As for cleaning supplies, I am actually grateful to be using vinegar as opposed to commercially-made ones that are filled with harmful chemicals. A few months ago I had a bowl of vinegar and water on the counter because I was cleaning our microwave. I turned my back and started making lunch for the kids, when suddenly I hear “Yuck, lemon juice is gross. My tongue hurts” from Remy. She was standing beside the bowl. I was confused at first, then realized that she must have picked it up and drank from it. I started panicking and asked her if she swallowed some. She saw the panic on my face and she looked like she was going to cry. I said, “it’s ok honey. Just tell mommy if you tried some.” She said that she did. Then I realized that it’s just vinegar, and although was probably really disgusting, could not harm her. It’s not like it was a bowl of Green Works, Mr. Clean, or any other harmful substance. Incredibly relieved, I hugged her and told her to not try anything without asking me first. That is one reason why I will not start buying cleaning products ever again. Natural is the safest way to go.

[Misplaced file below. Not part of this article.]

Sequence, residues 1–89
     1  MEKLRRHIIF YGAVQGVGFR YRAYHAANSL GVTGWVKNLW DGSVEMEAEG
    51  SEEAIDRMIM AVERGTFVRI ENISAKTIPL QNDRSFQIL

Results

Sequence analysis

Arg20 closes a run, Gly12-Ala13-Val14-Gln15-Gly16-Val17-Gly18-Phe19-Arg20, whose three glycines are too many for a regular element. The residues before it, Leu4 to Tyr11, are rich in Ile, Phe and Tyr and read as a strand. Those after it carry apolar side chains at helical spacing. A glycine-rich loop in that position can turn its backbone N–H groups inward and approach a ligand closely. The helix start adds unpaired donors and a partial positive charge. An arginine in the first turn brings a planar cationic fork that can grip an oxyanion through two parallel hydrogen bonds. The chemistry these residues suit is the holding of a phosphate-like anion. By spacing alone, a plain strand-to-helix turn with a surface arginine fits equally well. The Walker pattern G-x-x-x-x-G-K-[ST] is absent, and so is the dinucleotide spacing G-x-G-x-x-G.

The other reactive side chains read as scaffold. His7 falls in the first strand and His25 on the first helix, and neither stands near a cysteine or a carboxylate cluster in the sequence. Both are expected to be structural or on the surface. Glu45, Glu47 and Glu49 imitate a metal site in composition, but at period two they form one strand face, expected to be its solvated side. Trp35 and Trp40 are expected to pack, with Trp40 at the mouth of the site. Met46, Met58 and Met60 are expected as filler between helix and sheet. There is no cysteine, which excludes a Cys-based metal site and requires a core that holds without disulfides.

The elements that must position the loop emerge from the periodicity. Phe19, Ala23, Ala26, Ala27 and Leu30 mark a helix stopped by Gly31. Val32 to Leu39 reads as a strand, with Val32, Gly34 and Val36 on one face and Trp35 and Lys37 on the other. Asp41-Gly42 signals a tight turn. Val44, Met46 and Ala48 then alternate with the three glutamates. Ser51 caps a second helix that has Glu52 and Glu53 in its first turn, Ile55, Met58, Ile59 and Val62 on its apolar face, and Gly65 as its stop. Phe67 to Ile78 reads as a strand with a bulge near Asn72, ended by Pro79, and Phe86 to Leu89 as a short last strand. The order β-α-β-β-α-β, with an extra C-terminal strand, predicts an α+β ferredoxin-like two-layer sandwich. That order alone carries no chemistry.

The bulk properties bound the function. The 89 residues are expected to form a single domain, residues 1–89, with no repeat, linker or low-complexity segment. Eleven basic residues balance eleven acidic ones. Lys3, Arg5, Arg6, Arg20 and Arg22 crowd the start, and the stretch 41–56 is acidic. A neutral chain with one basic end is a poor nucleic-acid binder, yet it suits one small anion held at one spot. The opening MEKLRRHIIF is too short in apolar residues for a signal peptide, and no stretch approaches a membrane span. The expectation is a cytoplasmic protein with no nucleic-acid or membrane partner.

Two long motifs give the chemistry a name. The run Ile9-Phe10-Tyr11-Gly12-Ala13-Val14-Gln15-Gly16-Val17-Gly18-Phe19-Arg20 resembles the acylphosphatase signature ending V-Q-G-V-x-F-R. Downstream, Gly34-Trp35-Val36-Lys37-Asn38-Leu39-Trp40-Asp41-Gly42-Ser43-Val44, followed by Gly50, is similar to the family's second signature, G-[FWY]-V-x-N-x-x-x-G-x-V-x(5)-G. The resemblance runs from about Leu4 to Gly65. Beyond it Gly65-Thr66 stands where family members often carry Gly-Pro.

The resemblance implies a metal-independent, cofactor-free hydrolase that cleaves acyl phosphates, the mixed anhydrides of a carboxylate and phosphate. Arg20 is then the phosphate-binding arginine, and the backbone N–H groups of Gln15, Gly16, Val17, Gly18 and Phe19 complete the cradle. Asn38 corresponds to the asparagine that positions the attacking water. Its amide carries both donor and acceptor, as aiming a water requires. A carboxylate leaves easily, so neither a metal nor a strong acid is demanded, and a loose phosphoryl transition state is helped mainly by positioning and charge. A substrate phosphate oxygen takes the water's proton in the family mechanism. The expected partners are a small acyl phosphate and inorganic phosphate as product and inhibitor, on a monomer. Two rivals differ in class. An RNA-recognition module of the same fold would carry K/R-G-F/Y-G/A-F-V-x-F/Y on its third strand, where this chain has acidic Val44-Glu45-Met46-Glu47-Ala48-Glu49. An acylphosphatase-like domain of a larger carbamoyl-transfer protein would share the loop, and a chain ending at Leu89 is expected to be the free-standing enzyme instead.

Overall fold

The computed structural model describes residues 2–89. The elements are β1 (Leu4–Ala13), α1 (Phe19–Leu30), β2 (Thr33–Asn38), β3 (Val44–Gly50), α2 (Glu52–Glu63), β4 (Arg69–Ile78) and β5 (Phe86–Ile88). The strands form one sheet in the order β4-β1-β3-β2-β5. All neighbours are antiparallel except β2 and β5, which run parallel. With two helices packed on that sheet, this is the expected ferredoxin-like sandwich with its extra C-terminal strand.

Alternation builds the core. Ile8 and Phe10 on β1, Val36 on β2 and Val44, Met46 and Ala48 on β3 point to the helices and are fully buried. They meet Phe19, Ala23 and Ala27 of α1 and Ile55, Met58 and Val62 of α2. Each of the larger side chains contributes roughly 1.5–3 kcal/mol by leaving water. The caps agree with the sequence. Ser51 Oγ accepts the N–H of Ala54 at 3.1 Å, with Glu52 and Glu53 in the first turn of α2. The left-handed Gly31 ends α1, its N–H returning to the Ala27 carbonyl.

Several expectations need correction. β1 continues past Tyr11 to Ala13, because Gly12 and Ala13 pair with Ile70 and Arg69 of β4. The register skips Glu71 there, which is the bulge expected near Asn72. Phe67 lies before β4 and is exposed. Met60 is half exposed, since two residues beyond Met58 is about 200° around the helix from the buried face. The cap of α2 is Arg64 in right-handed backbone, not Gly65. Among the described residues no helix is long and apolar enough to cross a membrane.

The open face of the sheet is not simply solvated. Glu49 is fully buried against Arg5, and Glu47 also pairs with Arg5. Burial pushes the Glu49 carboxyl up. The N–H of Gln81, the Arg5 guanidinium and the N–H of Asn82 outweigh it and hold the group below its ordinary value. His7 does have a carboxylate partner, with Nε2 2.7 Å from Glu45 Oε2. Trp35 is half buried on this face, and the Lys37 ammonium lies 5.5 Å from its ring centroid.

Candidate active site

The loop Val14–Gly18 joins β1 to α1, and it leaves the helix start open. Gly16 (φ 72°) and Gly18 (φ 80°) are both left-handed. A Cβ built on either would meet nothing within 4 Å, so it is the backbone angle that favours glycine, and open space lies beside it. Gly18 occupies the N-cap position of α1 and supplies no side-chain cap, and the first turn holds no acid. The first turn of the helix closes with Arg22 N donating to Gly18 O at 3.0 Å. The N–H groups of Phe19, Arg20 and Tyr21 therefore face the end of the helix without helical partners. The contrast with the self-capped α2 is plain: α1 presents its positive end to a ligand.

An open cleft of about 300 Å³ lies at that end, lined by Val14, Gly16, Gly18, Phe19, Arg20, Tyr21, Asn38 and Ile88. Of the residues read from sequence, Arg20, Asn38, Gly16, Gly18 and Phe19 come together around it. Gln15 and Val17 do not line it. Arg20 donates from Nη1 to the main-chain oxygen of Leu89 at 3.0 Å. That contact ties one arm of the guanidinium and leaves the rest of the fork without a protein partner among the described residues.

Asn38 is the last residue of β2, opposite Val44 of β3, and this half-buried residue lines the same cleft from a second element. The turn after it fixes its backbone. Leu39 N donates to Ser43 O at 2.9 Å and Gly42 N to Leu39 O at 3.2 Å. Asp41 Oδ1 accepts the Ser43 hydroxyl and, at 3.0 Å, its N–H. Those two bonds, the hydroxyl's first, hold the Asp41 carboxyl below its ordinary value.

We have replaced plastic bags with reusable bags and only run the washing machine and dishwasher once a week. When we do, we put the washing machine on the fastest setting (express) and the dishwasher on the shortest cycle (1 hour). We still try to hang dry most of our clothes indoors during the winter months, and outdoors during the summer. All of this helps save on water and power.